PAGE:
Directed by Jim Mickle
Screenplay by Nick Damici and Jim Mickle
Horror films, despite their divisiveness, are uncannily successful as time capsules. Stake Land, despite its many flaws, quite exhaustively captures the zeitgeist of 2010 America. Director Jim Mickle’s second feature is a vampire-apocalypse-road-movie featuring a dumb, animalistic class of vampires–that is to say zombies with more rules and more christian iconography. The film features a hard-assed father/Moses figure (Nick Damici), a rosy cheeked young lad learning the vamp-killing ropes (Connor Paolo), a nun (Kelly McGillis), and a young pregnant lady (Danielle Harris) among others, and all are making their desperate way up to New Eden (read: Canada). Along the way they encounter vampires aplenty, but, and believe you me, the real horror may just lie in the unturned human population.
Stake Land isn’t a bad film–it’s absorbing, and sort of moving, and quite scary–but it embraces the Apocalypse aesthetic to a fault. The actors, all deliver good performances, but the film very rarely shows them speaking with each other, and when they do its largely in pithy, hopeless one-liners. An outrageous amount of the film is narrated in bleak voice-over by Connor Paolo, but even his character doesn’t accumulate much depth. But this is a film about People, not specific people, and while Stake Land operates in formula, it’s a formula that seems to have particular relevance these days. It’s also shot beautifully, and there are just enough unique touches–an evil Christian contingent air-drops vampires on a peaceful community of survivors, for one–to give the Stake Land an identity all its own.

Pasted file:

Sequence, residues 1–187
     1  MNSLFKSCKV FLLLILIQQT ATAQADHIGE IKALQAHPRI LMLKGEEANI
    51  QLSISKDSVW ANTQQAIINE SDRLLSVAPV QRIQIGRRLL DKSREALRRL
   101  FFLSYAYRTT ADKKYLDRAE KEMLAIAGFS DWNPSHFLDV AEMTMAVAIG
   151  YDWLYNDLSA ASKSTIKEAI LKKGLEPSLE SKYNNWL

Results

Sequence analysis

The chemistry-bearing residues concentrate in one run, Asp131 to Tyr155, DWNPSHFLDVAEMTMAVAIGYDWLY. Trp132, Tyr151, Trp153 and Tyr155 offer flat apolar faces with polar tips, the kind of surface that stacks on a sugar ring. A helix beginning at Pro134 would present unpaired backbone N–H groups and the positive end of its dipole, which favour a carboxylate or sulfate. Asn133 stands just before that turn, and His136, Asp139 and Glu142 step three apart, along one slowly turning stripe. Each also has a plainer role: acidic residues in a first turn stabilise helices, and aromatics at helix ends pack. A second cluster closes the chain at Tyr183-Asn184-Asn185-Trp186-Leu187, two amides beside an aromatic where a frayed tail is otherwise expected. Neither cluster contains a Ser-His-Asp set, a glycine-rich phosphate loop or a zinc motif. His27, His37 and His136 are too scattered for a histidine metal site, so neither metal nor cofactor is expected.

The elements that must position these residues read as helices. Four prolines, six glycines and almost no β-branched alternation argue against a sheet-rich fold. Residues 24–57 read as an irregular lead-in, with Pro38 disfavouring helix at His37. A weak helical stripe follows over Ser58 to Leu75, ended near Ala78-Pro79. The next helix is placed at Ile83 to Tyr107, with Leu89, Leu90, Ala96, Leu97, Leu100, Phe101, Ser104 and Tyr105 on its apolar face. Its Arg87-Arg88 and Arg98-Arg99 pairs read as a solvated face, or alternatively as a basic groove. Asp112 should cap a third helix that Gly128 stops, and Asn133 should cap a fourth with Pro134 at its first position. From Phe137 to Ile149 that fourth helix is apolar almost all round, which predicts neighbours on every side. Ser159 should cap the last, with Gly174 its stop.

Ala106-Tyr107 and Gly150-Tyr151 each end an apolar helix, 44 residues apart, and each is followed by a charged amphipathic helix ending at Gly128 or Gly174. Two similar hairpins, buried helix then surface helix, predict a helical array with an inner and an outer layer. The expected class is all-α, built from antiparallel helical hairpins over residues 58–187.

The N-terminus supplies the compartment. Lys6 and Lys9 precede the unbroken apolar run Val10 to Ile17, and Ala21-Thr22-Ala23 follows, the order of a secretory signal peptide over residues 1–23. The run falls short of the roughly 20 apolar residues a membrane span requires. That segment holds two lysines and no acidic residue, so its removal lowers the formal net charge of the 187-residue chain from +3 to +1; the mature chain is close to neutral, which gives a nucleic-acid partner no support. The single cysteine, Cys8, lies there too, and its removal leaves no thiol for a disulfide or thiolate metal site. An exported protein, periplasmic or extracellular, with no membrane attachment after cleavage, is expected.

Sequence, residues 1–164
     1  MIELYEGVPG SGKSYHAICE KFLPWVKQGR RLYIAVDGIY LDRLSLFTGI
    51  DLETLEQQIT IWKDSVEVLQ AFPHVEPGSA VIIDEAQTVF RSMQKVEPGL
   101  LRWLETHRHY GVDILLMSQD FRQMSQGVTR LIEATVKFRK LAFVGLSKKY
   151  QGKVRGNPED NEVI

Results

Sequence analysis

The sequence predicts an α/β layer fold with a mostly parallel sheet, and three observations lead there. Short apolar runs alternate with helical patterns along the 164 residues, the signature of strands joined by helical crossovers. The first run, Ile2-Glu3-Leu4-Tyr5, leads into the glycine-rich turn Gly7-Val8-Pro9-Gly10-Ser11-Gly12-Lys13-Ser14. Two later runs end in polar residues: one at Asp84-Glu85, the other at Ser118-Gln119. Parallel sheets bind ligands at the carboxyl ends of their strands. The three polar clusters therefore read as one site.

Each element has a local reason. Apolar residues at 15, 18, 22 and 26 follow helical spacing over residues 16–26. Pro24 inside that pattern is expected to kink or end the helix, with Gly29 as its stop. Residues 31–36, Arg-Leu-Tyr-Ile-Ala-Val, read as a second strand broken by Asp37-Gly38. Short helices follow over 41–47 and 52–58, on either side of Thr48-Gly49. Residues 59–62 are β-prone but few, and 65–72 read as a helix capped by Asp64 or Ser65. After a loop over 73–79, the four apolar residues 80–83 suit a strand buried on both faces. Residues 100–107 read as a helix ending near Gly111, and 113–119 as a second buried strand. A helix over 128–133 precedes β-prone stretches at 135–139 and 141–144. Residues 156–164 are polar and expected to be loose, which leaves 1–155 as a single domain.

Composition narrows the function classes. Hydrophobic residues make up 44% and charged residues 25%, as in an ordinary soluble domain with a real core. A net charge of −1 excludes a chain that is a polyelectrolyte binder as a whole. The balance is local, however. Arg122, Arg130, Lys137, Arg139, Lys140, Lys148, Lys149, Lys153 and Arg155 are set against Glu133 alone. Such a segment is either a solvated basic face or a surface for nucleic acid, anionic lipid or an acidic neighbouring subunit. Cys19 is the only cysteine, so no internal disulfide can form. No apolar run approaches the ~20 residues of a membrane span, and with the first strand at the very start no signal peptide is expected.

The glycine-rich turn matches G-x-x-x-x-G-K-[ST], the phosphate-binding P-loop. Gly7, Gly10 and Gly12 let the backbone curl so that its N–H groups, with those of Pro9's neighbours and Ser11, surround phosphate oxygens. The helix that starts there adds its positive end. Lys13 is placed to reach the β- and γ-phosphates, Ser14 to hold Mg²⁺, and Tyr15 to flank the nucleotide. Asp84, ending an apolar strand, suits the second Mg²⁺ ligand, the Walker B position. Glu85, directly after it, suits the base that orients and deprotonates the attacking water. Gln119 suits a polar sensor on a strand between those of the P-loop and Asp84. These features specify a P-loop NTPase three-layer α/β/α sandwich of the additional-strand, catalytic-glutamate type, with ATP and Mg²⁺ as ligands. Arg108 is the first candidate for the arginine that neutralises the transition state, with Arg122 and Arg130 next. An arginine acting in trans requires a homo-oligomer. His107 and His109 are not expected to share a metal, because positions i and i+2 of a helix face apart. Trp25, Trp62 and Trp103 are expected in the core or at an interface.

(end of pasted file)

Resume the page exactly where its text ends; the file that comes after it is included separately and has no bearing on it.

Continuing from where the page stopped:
– Emmet Duff